The arc-tracking welding method according to an embodiment is applied to a vertical articulated robot system, for example. The configuration of the robot system is schematically shown in FIG. 1. The vertical articulated robot system will be outlined below.

FIG. 1 is a diagram showing the configuration of a tracking system using a welding robot 5.

The vertical articulated robot system includes the welding robot 5 and a control device 6 that is equipped with a teaching pendant (not shown). The welding robot 5 is a vertical articulated 6-axis industrial robot and is equipped with, at a tip, a welding tool including a welding torch 1 etc. The welding robot 5 may be mounted on a slider for moving it.

The control device 6 controls the welding robot 5 according to a program about which the control device 6 has been taught in advance. The program is generated using a teaching pendant connected to the control device 6 or an offline teaching system that utilizes a personal computer. In either case, the program is generated in advance of an actual operation. The program generated by a personal computer is transferred to the control device 6 via a storage medium or the like or by a data communication.

The arc-tracking welding method according to the embodiment is implemented in a form of a program provided in the control device 6.

FIG. 2 is a schematic diagram showing arc welding.

In arc welding, an arc is generated between a base material 4 and a welding wire 3 (consumable electrode) supplied from a welding torch 1 by applying a voltage between the welding wire 3 and the base material 4 by a welding power source 2. Welding is performed while the welding wire 3 and the base material 4 are melted by arc heat. Since the welding wire 3 melts down as arc welding is performed, during welding the welding wire 3 continues to be supplied from a supply device past the inside of the welding torch 1. That is, this arc welding is consumable electrode type welding.

Welding metal produced by a molten portion of the base material 4 and the welding wire 3 solidifies to form a welding bead, whereby strong welding is attained. In welding between medium-thickness plates as typified by welding between thick steel plates, to obtain necessary strength of a welded portion, it is necessary to set the width of a welding bead large and secure a necessary amount of deposited metal and penetration depth. To this end, in welding between medium-thickness plates, welding is performed while an operation called weaving is performed in which the welding torch 1 is swung in the left-right direction. Thus, the width of a welding bead is increased and necessary welding strength is secured.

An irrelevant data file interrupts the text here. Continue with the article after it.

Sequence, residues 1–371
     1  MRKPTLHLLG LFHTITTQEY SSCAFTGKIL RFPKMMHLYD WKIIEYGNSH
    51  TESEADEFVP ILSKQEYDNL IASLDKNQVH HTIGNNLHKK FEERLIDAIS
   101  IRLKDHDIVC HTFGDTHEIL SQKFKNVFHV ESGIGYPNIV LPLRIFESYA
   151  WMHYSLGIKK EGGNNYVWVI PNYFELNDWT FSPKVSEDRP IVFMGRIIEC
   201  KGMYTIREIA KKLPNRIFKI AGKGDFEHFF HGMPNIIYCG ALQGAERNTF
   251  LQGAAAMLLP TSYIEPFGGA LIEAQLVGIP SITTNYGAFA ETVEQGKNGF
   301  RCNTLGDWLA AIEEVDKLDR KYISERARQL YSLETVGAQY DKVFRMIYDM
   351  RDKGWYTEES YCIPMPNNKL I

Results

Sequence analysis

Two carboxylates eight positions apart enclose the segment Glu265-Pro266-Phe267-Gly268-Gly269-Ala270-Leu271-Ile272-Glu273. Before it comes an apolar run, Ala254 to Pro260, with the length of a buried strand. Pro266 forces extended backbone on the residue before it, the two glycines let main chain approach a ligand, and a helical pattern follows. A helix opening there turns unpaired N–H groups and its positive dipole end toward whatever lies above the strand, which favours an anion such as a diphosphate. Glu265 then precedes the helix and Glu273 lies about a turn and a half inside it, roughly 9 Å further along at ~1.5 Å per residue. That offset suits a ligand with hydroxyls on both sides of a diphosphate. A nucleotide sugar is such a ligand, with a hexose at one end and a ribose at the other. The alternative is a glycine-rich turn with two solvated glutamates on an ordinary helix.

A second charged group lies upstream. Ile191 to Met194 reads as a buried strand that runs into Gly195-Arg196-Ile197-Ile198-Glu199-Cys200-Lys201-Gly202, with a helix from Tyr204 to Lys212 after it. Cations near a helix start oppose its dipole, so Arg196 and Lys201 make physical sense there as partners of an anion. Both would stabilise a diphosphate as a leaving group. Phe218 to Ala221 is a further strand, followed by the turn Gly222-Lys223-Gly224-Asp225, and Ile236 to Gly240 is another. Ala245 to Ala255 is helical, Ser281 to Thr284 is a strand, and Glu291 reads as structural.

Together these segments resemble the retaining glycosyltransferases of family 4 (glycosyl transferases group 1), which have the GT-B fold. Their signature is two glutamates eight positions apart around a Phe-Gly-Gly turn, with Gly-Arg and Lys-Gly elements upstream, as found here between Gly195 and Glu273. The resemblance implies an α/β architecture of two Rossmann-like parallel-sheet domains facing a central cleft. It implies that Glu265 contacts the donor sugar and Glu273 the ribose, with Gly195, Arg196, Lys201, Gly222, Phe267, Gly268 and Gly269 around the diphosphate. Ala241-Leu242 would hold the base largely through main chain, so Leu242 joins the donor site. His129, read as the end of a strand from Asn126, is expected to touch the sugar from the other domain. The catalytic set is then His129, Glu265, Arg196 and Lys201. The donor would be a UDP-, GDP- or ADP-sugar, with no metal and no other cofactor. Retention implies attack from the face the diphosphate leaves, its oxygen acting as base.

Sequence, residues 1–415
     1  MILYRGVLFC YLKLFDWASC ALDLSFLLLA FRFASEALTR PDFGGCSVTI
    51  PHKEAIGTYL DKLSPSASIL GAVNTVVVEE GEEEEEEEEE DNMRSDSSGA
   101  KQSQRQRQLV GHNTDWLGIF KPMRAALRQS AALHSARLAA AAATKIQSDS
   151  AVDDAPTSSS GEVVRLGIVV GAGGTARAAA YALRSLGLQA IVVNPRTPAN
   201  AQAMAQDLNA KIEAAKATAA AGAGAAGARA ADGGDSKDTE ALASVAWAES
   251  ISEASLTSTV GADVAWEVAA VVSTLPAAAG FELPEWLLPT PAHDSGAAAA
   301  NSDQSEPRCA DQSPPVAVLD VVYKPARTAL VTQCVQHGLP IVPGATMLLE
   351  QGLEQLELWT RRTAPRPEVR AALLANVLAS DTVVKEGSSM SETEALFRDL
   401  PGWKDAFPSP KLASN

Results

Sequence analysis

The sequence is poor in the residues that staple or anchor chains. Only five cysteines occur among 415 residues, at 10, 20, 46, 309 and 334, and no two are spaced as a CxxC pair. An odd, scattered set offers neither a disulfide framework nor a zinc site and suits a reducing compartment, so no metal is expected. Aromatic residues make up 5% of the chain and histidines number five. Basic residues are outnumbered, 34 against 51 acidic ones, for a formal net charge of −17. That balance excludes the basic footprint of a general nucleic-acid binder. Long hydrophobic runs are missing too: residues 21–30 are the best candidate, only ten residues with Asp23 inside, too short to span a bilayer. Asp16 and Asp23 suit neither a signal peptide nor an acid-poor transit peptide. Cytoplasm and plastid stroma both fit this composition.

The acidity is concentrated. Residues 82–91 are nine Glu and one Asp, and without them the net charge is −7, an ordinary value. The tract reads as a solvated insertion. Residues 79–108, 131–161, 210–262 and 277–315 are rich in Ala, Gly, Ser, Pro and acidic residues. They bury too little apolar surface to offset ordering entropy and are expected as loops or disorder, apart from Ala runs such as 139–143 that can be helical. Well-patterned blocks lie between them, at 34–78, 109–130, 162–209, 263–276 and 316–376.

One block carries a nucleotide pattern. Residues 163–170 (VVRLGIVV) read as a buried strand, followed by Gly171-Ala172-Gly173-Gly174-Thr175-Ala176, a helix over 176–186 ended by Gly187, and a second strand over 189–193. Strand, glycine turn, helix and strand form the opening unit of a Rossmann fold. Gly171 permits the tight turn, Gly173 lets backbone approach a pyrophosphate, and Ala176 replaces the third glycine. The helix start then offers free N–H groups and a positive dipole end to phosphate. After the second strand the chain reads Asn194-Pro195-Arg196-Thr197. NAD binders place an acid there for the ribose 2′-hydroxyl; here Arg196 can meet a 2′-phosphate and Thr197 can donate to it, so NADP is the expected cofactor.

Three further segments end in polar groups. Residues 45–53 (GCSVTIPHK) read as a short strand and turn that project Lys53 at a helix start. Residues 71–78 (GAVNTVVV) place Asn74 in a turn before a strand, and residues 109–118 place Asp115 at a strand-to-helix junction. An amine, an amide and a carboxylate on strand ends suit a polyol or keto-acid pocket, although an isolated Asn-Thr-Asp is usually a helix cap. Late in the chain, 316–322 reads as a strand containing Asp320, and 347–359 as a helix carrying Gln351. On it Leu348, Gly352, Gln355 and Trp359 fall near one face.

The control device 6 outputs, to the welding robot 5, an instruction signal for a weaving operation of the welding torch 1.

The welding power source 2 can output a desired, preprogrammed voltage waveform. For example, the welding power source 2 can output a waveform on which a waveform having a prescribed frequency is superimposed. The power source 2 incorporates a voltage detector and a current detector (neither of which is shown), and the welding power source 2 can measure a voltage and a current that are output actually (i.e., welding voltage and welding current).

The torch 1 also supplies a shield gas, whereby an arc column is protected from the air. Molten metal produced by welding is also protected from the air by virtue of the presence of gas that is generated by decomposition of flux contained in the welding wire 3, whereby formation of welding defects such as a blow hole is suppressed.

On the other hand, in the field of welding with medium-thickness plates, it is not always the case where a welding line where welding should be performed is located at a determined position due to any of various reasons that, for example, the processing accuracy is low because of shutoff of gas supply to a welding work, the setting accuracy is low because of a failure of jig correction on a welding work, and a welding work is deformed due to thermal strain because of a failure of jig restriction during welding. Deviation from a welding line is approximately on the order of several millimeters to centimeters.

However, from the viewpoint of welding quality, in general, the allowable deviation from a welding line in arc welding robots in the field of thick plates is small than 1 mm. Playback-type robots that perform welding at predetermined positions cannot attain welding quality of such a level. That is, in welding robots for medium-thickness plates, it is an essential condition to detect a deviation between a pre-taught welding position and a welding position of an actual work in real time by a deviation detector and tracking along a welding line is performed on the sub-millimeter order so as to adapt to every detected deviation. This is one of indispensable, very important functions required for such welding robots.

FIG. 3A and FIG. 3B are explanatory diagrams illustrating the principle of arc-tracking schematically.